Leveraging the Benefits of Local Grassroots Lobbying

grassroots lobbyingA critical element of successful grassroots lobbying is knowing how to leverage your strengths.  If you do, your chances of success are much higher.

Part of that involves knowing where to focus.

There is a tendency in American politics to focus too much of our time and attention on federal elected officials.  Granted, the folks in DC spend way too much time and money sticking their noses into things that shouldn’t concern the feds, but don’t let that distract you from spending any time focusing on state and local government.

State and local grassroots lobbying can leverage your assets!

Leverage your numbers:

Since grassroots lobbying is all about local activists working to effectively communicate with and influence elected officials, the more local the office, the greater the potential influence you can have.

While the average member of Congress represents over 700,000 people (and millions per Senator), the average state legislator may represent between 60,000 and 160,000, depending on your state.  And when it comes to city or county councils, or school boards, the numbers are even lower.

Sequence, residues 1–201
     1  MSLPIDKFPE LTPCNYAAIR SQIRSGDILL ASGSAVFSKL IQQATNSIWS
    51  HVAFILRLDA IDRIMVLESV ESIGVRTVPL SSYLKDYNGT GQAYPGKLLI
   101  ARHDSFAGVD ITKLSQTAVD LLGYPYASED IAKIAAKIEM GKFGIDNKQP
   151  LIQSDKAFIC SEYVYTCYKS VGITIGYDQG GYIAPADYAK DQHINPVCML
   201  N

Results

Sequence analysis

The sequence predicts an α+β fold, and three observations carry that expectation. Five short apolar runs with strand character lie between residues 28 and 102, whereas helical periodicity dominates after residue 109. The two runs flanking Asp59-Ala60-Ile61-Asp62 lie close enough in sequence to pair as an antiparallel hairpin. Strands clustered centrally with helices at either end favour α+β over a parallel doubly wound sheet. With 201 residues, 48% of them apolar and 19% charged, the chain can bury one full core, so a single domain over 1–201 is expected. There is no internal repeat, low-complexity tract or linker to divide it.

Result?  The lower down the political “food chain” your lobbying target is, the larger a percentage of constituents you represent, and the greater your potential political leverage will be.

Leverage your time:

Generally, state legislatures have shorter sessions that run from January through April. There are some states (such as Michigan, Ohio, Pennsylvania and California) that have “full time” legislatures that run from January to December, with recesses only in the spring and fall.

The point is that they generally have less time to deal with whatever they are going to deal with.  Focused grassroots lobbying efforts can help issues see the light of day in otherwise crowded schedules.

Leverage your expertise:

Another nuance to keep in mind is that state lawmakers don’t often have well-rounded expertise on every issue, (no, really!) Many are working full-time at other jobs and legislating on the side. This is even more true at the city/county/school board levels.

In other words, your state representative may be a banker and know a great deal about the economy, but know very little at all about education.

Further, unlike members of Congress, state legislators tend to have little or no staff – much less so at the local level.

As a member of a team that might have extensive knowledge of certain issues, you can be a tremendous asset to your locally elected officials, (especially the friendly ones).

This is a grassroots lobbying opportunity.  Get to know them and then offer your help!

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Don’t let a focus on Washington, DC distract you from what’s going on locally. 

About Drew McKissick

Political strategist & columnist helping conservatives impact things they care about | Former RNC member | Elvis fan (Find me @DrewMcKissick)